Zach Mayer will perform the music from his new album, “Modeh Ani.” Mayer is one of today’s few young composers of nigunim, spiritual wordless melodies rooted in Hasidic Jewish tradition. Dating back to the 1750s, the great Hasidic masters would compose nigunim and sing them in community as a means of elevating the soul, using the rising melodic phrases as a scaffolding structure that mirrors a person’s spiritual ascent. While nigunim are traditionally restricted to only Jewish male singers, Mayer’s melodies are open to everyone. They are modern and easy to sing, yet authentically rooted in this powerful tradition.
Mayer’s interest in nigunim grew as he experienced their power to bring people together peaceably in song. At a young age, he sat beside his stepfather, Rabbi Sruli Dresdner, who facilitated a tish, a candlelit gathering of over 100 people singing nigunim around a large table, each year at the KlezKanada music festival in Lantier, QC. The music was transcendent, lasting late into the night with dancing on the table.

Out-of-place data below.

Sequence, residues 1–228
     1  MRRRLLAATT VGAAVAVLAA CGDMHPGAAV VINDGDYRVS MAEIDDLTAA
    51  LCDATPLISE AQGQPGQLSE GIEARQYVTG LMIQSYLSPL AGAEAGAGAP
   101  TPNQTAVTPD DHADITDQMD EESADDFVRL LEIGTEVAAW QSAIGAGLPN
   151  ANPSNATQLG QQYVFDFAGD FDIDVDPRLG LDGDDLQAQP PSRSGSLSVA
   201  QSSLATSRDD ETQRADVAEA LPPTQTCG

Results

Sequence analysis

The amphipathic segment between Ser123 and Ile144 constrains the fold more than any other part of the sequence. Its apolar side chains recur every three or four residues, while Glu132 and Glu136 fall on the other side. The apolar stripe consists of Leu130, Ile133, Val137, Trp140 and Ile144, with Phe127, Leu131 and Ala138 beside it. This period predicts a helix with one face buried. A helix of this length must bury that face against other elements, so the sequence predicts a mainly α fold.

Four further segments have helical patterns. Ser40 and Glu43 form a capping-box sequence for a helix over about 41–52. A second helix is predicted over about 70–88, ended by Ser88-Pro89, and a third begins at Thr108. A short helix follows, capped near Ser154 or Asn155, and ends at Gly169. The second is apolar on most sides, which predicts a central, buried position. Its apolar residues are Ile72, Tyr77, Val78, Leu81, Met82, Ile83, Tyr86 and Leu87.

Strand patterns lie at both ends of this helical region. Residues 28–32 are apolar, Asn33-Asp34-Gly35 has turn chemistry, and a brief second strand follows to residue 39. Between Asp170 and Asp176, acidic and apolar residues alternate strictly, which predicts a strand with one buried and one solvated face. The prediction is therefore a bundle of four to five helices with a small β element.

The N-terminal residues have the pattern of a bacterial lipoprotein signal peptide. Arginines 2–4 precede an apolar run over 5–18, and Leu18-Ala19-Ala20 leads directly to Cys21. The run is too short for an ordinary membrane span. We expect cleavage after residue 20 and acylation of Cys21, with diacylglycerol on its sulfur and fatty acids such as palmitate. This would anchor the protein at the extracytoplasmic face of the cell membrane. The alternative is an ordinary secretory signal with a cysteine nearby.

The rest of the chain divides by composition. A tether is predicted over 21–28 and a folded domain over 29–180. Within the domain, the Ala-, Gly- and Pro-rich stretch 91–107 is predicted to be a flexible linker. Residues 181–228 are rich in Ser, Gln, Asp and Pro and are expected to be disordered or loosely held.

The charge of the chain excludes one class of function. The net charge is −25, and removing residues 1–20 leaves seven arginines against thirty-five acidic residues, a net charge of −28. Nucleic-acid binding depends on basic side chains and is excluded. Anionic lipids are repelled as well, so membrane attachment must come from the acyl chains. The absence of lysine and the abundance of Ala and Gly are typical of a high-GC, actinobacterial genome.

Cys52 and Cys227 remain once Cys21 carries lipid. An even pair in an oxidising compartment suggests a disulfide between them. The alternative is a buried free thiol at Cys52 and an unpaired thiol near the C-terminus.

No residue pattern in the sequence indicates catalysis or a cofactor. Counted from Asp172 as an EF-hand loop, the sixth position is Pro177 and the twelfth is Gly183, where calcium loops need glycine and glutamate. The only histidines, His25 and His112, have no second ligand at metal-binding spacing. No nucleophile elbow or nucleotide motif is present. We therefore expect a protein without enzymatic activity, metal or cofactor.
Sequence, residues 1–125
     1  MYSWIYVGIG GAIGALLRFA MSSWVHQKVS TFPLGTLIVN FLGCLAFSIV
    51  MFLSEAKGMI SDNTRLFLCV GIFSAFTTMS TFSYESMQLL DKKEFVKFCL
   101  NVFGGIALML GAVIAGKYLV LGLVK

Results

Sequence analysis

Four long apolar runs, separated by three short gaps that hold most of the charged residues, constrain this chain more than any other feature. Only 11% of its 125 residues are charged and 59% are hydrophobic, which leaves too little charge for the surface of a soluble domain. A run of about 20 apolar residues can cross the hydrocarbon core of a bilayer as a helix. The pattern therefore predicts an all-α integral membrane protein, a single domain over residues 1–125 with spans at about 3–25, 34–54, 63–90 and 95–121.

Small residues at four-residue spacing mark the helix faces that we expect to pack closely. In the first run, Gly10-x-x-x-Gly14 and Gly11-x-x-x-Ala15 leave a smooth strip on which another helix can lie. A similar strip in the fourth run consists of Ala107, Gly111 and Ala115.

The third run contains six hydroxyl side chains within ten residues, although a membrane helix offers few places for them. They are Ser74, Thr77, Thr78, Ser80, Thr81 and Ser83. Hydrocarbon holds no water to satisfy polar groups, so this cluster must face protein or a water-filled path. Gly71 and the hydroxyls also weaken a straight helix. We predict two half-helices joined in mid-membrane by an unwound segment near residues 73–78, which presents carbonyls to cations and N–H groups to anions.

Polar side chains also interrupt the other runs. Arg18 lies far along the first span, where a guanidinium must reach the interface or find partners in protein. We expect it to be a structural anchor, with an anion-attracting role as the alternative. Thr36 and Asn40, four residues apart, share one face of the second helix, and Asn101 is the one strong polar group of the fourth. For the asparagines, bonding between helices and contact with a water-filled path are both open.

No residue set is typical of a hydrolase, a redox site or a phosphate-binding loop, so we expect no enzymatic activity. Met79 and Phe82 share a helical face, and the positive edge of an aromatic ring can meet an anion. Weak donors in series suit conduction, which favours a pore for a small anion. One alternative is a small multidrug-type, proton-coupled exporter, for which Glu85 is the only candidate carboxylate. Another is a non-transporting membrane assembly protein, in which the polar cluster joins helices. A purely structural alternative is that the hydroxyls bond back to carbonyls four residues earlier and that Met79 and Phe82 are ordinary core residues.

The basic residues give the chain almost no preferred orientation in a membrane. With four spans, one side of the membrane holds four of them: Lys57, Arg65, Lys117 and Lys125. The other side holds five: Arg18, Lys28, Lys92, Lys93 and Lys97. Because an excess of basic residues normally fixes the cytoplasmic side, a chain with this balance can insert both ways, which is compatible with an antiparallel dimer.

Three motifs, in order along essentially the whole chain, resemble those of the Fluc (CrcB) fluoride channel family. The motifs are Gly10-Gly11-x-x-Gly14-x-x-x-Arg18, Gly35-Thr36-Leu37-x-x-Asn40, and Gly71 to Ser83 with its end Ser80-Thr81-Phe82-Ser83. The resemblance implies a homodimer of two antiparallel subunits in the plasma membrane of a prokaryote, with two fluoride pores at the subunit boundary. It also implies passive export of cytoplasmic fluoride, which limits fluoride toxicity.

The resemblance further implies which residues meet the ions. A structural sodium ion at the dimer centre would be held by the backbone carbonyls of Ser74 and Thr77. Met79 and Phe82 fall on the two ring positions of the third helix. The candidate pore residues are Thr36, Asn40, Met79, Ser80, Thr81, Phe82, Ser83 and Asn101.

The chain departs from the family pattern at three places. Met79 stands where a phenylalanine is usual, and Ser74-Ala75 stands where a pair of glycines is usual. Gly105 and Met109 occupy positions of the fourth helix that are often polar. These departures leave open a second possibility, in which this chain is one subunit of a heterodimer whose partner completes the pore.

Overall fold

From West African chanting traditions, Islamic Sufi Moslem dance, harmonized gospel choirs or ornamented readings of the Quran, the use of transcendent group singing and movement to achieve higher spiritual states is not uniquely Jewish, nor is it limited to religious use. However, the prevalence of wordless, long-form melodies that themselves are a cultural resistance to social oppression, antisemitism and assimilation, and carry the legacy and history of a people over 6,000 years old, is a feature unique to Jewish music.
This year, Mayer released an album of original nigunim and new melodies for traditional Hebrew texts. Entitled “Modeh Ani,” the album features Mayer’s singing and saxophone playing joined by some of today’s most accomplished Jewish musicians, including Frank London, Michael Alpert, Deborah Strauss and Richie Barshay. Mayer says, “Modeh Ani is music meant for singing together with others. I want to share these melodies with many different communities, and even if it’s only temporary, create at least a miniature moment of peace.”+ More... - Less...
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